Children's Literature: A Reader's History, from Aesop to Harry Potter

By Seth Lerer | Go to book overview

15
Tap Your Tencil on the Taper
CHILDREN'S LITERATURE IN AN IRONIC AGE

At the close of Jon Scieszka's Time Warp Trio book Summer Reading Is Killing Me! (1998), there is a “Summer Reading List” designed, it would appear, for schoolroom use. “Each student,” it begins, “must read four books during the summer and fill out the attached study guide for two of them.” The books are classified for Early Readers, Middle Readers, and Older Readers. Each category runs through the familiar texts in alphabetical title order. Many of these books are ones I have discussed here, from Aesop's fables and Alice in Wonderland to The Wind in the Willows and Johnny Tremain. All the familiar authors appear, from Dr. Seuss, the Grimms, and Robert McCloskey to Tolkien and Verne. But by the end of the list, something odd has begun to happen. There is the category “BeExtremely-Careful-When-You-Readers,” and under it, one heading: “Anything with Teddy Bears in It, by Anyone.” And following this one, there is the final category: “Perfect-for-Knocking-Out-Parrots-and-Savingthe-Day-Readers.” At the end, there is the Study Guide itself. It begins straightforwardly enough: “Write the title and author of the book.” It then enjoins the student to identify major characters and imagine who would play them in a movie version. But then something odd happens:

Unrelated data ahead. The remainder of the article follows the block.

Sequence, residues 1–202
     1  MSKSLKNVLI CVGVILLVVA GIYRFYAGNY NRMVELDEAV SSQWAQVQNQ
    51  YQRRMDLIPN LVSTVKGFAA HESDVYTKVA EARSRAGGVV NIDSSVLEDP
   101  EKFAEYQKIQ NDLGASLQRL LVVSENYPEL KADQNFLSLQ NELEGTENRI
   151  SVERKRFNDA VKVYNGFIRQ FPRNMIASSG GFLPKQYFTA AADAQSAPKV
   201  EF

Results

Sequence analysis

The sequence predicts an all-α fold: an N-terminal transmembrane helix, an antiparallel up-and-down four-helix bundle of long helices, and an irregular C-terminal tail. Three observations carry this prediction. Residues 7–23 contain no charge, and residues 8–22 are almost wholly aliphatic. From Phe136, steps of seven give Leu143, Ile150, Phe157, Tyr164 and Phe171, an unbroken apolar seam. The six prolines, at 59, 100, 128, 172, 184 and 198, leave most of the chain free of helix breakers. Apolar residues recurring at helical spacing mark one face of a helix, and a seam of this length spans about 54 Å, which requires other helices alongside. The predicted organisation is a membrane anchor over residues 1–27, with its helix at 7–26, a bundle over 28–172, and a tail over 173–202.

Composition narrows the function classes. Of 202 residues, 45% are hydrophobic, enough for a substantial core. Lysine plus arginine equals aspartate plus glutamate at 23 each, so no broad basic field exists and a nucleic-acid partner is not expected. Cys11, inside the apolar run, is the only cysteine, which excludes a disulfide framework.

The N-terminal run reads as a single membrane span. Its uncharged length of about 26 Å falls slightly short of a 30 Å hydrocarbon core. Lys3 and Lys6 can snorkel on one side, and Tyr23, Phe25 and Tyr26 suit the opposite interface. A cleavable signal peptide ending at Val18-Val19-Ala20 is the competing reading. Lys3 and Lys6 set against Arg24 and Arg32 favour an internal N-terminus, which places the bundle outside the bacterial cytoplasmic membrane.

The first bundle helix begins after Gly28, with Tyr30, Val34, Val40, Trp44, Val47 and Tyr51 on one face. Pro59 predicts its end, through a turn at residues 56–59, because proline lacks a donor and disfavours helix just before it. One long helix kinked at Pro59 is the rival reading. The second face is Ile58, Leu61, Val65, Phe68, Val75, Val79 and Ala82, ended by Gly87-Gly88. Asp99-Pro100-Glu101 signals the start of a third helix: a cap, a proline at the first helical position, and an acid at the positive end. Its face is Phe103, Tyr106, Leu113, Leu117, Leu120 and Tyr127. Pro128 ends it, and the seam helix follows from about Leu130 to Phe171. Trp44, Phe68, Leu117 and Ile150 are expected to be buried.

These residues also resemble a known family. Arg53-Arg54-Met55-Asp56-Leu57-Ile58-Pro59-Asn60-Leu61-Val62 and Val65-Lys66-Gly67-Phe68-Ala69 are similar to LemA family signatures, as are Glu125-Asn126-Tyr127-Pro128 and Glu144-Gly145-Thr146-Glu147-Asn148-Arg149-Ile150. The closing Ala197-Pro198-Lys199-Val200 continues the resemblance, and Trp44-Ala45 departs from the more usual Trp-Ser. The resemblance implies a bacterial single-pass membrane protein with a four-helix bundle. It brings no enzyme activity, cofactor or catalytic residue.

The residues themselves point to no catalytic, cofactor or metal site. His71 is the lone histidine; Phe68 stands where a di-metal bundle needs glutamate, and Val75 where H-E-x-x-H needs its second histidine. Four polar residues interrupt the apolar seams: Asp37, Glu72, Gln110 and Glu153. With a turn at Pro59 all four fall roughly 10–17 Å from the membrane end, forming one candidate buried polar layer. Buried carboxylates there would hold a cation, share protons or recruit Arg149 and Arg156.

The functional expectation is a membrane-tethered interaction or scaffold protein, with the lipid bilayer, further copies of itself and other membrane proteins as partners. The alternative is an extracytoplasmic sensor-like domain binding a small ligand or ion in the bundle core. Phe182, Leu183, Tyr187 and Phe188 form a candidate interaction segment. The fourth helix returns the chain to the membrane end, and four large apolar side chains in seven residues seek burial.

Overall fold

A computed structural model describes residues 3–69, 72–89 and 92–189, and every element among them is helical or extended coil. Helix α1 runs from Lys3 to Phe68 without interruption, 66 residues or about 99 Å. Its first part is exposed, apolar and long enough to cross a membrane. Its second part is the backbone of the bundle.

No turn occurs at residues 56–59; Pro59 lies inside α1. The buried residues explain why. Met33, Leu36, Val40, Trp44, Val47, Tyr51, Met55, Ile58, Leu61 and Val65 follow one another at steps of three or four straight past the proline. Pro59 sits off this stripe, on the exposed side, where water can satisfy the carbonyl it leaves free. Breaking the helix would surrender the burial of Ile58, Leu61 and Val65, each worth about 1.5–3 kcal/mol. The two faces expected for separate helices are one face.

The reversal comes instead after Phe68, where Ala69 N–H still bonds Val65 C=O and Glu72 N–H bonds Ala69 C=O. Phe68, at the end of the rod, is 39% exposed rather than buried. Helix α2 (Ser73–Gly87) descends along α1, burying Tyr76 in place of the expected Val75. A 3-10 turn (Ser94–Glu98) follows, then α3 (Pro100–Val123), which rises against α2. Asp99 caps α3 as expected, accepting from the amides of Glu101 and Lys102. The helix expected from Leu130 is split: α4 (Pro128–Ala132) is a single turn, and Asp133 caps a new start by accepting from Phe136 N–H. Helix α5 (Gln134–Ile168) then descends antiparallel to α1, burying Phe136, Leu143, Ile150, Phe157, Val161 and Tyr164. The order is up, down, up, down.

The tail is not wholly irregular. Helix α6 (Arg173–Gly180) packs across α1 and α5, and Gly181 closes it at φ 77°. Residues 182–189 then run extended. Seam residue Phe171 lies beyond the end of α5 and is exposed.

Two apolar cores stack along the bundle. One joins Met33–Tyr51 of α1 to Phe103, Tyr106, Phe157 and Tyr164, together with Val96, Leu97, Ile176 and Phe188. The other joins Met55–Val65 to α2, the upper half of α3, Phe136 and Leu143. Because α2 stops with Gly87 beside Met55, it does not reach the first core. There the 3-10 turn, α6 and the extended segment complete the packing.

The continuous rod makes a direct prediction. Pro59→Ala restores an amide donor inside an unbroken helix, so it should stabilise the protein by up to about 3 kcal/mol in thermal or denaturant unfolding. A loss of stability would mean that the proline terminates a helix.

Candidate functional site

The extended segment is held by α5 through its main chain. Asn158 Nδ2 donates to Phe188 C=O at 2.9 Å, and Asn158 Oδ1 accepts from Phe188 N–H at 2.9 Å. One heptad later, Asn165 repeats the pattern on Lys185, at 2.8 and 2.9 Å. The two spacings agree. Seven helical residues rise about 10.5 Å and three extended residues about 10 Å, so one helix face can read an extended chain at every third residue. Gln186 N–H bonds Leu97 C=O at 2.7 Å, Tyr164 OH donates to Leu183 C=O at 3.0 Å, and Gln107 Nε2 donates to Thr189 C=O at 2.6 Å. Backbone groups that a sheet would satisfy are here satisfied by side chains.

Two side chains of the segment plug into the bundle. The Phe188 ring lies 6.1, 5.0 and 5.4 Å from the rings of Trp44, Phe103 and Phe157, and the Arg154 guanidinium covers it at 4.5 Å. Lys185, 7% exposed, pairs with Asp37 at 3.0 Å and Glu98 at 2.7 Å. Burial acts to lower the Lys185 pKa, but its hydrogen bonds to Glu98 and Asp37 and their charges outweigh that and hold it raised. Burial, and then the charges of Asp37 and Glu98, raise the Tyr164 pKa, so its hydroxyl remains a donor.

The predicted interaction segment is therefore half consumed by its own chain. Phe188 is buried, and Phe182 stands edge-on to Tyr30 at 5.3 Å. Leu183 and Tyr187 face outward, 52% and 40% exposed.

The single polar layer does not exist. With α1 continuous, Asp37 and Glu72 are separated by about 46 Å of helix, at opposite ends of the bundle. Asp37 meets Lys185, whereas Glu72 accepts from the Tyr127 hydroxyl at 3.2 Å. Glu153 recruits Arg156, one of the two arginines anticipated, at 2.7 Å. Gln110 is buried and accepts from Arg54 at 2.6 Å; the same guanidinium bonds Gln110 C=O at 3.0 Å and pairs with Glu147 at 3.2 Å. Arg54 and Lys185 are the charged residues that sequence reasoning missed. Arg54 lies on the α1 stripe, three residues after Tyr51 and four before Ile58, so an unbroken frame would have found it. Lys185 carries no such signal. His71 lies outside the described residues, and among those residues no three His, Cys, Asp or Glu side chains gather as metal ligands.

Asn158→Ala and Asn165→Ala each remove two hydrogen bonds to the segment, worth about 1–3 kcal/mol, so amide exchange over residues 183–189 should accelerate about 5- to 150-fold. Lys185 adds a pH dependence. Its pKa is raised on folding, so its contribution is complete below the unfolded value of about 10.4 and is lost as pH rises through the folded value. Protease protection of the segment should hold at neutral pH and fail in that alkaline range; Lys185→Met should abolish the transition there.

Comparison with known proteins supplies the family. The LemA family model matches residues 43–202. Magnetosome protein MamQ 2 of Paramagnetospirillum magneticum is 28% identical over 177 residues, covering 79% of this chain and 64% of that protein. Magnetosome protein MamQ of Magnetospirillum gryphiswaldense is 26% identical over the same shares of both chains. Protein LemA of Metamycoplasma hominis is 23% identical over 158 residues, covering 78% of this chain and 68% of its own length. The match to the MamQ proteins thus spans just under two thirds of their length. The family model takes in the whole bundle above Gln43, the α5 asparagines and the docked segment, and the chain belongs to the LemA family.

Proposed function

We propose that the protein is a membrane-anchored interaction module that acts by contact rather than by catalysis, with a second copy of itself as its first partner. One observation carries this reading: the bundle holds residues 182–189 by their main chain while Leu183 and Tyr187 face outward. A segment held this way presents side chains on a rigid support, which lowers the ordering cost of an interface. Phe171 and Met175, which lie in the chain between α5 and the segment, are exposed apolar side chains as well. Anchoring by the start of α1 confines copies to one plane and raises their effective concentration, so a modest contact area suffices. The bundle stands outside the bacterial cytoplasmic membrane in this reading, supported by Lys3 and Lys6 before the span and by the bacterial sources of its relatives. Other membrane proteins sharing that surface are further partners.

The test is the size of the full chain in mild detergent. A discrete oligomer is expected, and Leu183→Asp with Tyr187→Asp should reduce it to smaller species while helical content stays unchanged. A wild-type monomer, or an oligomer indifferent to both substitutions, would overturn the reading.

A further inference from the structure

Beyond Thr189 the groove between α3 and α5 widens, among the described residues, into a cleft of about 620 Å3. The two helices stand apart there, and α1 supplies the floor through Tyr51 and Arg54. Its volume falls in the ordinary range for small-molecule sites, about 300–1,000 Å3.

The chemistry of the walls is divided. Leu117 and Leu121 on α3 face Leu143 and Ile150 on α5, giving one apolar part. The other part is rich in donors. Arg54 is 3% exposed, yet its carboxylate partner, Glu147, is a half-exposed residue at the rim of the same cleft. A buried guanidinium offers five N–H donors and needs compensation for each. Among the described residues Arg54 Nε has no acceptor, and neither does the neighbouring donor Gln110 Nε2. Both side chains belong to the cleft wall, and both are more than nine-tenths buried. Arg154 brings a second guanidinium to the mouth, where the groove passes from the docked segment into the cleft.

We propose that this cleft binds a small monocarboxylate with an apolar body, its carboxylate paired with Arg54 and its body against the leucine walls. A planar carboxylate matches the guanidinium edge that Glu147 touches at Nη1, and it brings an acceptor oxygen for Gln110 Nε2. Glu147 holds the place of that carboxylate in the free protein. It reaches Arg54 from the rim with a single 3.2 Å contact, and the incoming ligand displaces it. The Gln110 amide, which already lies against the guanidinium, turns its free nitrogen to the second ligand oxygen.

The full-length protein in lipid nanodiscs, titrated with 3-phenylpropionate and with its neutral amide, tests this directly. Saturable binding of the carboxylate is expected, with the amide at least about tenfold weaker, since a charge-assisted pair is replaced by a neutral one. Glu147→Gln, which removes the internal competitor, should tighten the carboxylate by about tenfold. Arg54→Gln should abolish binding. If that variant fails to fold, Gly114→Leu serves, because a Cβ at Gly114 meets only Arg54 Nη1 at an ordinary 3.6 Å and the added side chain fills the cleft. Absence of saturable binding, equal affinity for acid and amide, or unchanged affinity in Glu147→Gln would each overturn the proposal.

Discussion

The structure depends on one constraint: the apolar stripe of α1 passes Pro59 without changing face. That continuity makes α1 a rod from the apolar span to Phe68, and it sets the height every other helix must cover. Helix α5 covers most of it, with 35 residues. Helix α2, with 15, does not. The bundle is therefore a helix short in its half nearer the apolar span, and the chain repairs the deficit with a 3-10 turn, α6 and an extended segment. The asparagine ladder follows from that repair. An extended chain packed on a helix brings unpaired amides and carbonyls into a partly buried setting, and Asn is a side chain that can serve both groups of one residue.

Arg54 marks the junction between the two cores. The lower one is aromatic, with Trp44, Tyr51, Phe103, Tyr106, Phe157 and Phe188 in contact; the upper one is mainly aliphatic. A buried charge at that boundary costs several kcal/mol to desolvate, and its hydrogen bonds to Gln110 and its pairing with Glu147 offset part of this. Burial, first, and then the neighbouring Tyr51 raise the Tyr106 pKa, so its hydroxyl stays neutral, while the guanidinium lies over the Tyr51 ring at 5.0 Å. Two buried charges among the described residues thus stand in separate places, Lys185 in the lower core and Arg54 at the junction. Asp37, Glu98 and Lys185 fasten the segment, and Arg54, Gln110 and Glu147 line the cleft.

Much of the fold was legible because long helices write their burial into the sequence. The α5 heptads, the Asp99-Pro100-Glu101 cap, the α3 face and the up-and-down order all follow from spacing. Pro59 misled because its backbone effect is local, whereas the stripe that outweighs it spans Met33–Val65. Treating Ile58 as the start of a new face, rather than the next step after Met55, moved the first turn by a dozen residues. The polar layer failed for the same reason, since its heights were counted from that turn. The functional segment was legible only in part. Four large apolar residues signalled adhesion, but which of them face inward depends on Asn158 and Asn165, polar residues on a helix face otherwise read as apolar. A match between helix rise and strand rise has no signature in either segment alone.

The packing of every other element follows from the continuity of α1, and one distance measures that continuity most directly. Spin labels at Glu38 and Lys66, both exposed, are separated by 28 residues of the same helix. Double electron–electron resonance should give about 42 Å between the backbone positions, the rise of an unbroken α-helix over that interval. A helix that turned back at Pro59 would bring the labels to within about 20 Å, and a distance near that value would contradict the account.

Tap your pencil on the paper.

Stare out the window and daydream.

Put the study guide away and don't look at it again until the night be-
fore the first day of school.1

What's going on here? Is Scieszka glibly subverting the very principles and canons of instruction and delight that children's literature has sought

-305-

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